poem index

sign up to receive a new poem-a-day in your inbox

About this Poem 

“Four Winds” was published in Sara Teasdale’s Helen of Troy and Other Poems (Macmillan, 1922).

Four Winds

"Four winds blowing thro' the sky,
You have seen poor maidens die,
Tell me then what I shall do
That my lover may be true."
Said the wind from out the south,
"Lay no kiss upon his mouth,"
And the wind from out the west,
"Wound the heart within his breast,"
And the wind from out the east,
"Send him empty from the feast,"
And the wind from out the north,
"In the tempest thrust him forth,
When thou art more cruel than he,
Then will Love be kind to thee."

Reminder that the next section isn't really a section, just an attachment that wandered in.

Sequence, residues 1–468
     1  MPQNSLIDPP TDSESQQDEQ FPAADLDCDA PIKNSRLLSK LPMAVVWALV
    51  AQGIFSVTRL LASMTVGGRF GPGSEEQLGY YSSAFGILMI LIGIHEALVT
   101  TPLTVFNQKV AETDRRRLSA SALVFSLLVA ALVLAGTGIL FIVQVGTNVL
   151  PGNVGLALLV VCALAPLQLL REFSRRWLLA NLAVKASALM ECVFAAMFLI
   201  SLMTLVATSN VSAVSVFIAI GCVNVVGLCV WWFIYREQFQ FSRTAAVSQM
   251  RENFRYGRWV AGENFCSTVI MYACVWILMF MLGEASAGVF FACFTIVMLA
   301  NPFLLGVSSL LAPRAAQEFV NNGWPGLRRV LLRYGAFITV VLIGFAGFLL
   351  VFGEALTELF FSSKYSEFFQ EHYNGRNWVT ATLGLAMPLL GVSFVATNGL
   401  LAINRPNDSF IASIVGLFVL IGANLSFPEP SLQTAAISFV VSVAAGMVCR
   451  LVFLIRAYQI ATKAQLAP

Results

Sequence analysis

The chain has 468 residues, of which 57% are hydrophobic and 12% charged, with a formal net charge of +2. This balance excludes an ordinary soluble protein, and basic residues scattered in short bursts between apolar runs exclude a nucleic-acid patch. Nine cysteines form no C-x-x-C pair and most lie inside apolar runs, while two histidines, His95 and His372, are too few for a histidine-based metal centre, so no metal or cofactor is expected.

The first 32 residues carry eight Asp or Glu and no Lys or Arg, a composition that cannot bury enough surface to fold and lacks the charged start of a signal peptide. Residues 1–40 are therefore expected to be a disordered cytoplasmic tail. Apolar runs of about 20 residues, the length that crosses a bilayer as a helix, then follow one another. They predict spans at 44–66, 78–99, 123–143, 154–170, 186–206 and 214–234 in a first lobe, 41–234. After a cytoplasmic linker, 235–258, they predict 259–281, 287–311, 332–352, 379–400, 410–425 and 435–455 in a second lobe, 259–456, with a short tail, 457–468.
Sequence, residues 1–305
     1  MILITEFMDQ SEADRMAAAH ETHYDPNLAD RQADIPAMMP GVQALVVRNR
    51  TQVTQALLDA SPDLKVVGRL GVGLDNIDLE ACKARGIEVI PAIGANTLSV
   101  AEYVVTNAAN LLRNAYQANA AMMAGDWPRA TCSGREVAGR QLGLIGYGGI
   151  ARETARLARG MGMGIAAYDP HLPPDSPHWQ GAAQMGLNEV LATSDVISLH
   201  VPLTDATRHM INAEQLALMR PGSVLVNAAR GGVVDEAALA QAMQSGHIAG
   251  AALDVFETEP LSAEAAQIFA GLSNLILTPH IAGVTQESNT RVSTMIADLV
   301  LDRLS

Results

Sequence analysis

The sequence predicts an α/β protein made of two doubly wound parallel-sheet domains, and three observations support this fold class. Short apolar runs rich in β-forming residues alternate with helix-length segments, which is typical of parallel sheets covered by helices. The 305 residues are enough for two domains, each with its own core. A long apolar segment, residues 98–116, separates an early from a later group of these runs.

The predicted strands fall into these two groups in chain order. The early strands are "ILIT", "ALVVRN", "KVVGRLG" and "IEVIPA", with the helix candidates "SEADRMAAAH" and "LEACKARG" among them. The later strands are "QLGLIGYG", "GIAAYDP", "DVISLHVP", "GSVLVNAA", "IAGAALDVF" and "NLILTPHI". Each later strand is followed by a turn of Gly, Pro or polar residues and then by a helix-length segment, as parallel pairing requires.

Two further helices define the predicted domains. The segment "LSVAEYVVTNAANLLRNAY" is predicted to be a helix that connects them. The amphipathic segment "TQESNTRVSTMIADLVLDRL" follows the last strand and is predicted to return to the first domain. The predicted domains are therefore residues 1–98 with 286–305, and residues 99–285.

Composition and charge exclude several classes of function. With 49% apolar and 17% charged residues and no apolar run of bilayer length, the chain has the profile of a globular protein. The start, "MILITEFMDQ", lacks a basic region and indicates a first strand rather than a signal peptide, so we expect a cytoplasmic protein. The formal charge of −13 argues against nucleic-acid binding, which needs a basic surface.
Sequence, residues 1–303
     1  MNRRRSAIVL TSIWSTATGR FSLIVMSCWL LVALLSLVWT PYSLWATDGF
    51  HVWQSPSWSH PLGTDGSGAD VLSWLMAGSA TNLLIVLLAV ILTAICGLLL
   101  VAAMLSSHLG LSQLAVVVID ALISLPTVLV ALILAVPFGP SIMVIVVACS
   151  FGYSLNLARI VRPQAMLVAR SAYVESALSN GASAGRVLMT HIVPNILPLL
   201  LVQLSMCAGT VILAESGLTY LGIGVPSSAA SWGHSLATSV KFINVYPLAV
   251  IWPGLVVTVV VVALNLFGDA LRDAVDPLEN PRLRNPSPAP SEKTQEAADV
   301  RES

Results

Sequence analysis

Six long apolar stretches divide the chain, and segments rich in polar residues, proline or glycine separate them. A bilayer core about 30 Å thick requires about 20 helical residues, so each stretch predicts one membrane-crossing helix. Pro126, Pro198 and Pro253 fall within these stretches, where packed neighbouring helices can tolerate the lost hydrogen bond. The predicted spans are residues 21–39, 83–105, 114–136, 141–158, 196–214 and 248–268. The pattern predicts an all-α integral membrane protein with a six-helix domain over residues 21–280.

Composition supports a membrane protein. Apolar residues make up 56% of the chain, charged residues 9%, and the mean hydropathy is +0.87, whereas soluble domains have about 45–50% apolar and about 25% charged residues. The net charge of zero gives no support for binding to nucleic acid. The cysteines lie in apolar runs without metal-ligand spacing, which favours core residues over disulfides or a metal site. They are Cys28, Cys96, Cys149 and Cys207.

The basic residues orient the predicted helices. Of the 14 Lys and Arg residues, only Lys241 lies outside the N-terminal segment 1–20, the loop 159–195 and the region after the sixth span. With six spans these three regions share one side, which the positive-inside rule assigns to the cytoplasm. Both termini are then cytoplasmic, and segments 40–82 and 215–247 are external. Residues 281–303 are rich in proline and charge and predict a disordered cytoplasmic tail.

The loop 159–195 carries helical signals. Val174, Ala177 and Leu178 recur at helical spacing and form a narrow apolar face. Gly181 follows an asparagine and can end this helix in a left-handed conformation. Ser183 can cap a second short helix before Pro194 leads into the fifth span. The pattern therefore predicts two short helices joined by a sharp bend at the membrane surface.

This poem is in the public domain.

This poem is in the public domain.

Sara Teasdale

Sara Teasdale

Born in 1884, Sara Trevor Teasdale's work was characterized by its simplicity and clarity and her use of classical forms

by this poet

poem
What do I care, in the dreams and the languor of spring,
That my songs do not show me at all?
For they are a fragrance, and I am a flint and a fire,
I am an answer, they are only a call.

But what do I care, for love will be over so soon,
Let my heart have its say and my mind stand idly by,
For my mind is proud
poem

He said:
“In the winter dusk
When the pavements were gleaming with rain,
I walked thru a dingy street
Hurried, harassed,
Thinking of all my problems that never are solved.
Suddenly out of the mist, a flaring gas-jet
Shone from a huddled shop.
I saw thru the bleary

poem
In the wild soft summer darkness 
How many and many a night we two together 
Sat in the park and watched the Hudson 
Wearing her lights like golden spangles 
Glinting on black satin. 
The rail along the curving pathway 
Was low in a happy place to let us cross, 
And down the hill a tree that dripped with bloom